From Newspoll today:
The Turnbull government heads into today’s critical recalled sitting of parliament and a likely July 2 election trailing Labor in the latest Newspoll, as two-thirds of voters say reducing government spending must be Canberra’s priority.
Malcolm Turnbull yesterday reaffirmed his determination to go to a double-dissolution election if the Senate sticks by its vow to reject industrial relations bills, as the latest Newspoll, taken exclusively for The Australian, shows Labor maintaining its lead in two-party terms by 51 per cent to the Coalition’s 49 per cent.
Satisfaction with Mr Turnbull’s performance has fallen for the fifth consecutive Newspoll, and while he would enter a formal campaign still ahead of Bill Shorten as the preferred prime minister his lead over his Labor rival has halved since the start of the year.
Oh it’s on, from Mark the Ballot:
So, it is time to update the aggregation. Today’s Ipsos poll shifts the estimated national two-party-preferred vote share for the Coalition to 50.2 per cent.
As usual, please note that these models embody a number of assumptions and methodological issues which need to be considered when interpreting the model output. For more information look here.Turning to the primary vote data.
It is worth noting that the 2013 election saw an unusually low preference flow from other parties to the Coalition. If preference flows at the next election are more like the 2010 election, then the pollsters still have the Coalition well ahead in TPP terms.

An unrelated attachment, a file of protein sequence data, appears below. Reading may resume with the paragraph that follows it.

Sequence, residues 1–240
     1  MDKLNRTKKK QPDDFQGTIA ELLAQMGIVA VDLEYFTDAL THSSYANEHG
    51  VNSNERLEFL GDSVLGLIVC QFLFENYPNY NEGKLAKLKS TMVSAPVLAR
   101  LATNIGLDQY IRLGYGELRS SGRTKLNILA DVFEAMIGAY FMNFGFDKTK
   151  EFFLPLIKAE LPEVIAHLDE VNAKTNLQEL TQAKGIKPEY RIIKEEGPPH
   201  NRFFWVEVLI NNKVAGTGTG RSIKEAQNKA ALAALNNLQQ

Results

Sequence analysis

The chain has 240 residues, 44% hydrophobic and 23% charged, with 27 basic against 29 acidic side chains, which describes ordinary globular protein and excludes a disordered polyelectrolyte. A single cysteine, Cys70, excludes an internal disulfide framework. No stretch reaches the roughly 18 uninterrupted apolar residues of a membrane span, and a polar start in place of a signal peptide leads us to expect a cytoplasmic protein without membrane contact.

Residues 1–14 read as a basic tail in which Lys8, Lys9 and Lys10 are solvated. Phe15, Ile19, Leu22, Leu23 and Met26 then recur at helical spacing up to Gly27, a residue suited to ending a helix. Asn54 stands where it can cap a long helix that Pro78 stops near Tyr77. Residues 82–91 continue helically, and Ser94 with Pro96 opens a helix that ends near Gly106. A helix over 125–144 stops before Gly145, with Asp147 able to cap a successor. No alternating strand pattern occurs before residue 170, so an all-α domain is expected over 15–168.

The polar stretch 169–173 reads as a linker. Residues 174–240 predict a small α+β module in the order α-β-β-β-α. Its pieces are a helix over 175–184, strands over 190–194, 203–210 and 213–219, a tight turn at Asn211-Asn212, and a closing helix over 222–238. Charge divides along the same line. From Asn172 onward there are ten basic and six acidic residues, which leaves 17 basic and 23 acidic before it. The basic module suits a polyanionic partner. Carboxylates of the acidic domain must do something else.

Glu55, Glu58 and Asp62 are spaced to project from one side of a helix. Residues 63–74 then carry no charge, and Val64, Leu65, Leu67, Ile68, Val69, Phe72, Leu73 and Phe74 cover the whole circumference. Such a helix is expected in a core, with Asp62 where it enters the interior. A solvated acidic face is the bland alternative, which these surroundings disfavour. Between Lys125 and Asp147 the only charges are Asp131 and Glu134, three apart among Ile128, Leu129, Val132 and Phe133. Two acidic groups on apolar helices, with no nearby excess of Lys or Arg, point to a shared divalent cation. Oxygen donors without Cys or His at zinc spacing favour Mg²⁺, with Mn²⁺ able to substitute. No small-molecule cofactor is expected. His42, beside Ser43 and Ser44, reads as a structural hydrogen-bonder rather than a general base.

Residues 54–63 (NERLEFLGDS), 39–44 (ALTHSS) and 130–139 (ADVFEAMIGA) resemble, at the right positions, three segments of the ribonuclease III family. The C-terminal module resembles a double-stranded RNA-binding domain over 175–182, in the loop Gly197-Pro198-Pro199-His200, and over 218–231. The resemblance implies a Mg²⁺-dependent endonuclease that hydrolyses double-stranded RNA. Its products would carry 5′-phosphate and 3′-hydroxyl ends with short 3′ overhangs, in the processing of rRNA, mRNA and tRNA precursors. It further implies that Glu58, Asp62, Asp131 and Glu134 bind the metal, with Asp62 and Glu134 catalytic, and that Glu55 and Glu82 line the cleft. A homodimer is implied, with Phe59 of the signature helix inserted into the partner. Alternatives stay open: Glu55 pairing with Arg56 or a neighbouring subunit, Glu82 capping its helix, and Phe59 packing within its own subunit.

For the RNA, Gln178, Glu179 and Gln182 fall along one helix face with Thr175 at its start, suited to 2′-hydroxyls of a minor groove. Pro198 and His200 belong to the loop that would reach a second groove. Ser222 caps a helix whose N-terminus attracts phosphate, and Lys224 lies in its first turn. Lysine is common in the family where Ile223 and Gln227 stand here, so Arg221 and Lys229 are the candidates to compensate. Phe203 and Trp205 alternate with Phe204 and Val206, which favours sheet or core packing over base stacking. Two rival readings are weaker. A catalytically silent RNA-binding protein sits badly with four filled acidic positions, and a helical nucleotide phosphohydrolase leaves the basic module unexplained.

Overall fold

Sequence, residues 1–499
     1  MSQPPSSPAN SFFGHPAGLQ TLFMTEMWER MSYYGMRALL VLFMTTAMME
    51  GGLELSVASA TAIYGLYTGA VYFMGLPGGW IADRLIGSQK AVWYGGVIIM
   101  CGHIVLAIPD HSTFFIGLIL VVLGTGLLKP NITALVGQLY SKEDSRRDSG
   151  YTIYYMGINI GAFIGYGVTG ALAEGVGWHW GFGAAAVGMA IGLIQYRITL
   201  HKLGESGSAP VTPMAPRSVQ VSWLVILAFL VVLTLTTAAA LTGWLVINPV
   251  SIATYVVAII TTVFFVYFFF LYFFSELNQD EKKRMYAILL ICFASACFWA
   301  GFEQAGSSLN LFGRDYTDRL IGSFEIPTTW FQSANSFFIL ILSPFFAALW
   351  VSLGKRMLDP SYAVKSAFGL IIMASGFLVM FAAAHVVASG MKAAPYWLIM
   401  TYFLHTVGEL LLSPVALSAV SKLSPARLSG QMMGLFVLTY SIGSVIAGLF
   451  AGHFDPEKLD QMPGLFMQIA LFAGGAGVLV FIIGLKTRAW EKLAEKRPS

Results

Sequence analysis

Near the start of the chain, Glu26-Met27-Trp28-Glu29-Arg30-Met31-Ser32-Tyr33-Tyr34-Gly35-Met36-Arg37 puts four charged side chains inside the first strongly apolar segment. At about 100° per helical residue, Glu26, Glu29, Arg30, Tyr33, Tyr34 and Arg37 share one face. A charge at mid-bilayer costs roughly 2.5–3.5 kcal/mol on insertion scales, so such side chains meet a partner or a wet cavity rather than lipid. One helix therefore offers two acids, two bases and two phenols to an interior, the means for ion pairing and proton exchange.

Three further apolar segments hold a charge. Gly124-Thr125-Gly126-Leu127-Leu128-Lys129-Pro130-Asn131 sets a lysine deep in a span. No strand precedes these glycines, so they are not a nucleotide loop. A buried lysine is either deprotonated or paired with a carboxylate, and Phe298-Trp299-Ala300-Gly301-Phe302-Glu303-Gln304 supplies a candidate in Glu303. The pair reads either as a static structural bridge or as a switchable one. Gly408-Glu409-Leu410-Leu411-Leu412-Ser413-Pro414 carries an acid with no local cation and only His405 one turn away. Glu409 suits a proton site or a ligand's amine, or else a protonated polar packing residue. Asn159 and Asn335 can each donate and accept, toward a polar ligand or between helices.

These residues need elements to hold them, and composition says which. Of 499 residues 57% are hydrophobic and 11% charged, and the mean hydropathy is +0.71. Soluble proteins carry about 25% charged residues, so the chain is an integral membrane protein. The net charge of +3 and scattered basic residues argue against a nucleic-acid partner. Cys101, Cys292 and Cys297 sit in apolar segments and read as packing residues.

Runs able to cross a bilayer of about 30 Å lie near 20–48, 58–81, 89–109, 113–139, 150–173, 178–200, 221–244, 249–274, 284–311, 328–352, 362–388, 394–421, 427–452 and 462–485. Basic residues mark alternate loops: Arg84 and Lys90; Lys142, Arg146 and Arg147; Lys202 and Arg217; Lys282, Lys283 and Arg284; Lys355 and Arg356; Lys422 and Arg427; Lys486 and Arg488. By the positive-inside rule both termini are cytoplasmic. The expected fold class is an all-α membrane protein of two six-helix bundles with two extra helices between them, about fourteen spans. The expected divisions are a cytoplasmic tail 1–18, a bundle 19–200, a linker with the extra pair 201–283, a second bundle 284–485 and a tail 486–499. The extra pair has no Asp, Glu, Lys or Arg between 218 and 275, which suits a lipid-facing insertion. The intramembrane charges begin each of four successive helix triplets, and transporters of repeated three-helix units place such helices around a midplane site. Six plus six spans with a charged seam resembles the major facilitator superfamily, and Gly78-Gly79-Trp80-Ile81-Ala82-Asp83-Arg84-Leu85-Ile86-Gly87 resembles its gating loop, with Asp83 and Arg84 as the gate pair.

Interestingly, on the attitudinal polling, there is a change from the consistent pollster treatment of then Prime Minister Abbott. Ipsos is more benign to Turnbull on the attitudinal polling in comparison with the other pollsters.
The Brick-with-eyes summed it up best when discussing the ABCC double dissolution trigger:
“I certainly won’t vote for it in its current form. I’ve always been a campaigner for a national corruption and misconduct watchdog and I think it’s a very relevant point. I don’t think we need to be attacking one particular sector, we need to be covering all misconduct and corruption.”
He said Mr Turnbull could lose the election.
From hero to zero in six months. Not even Kevin Rudd could boast that.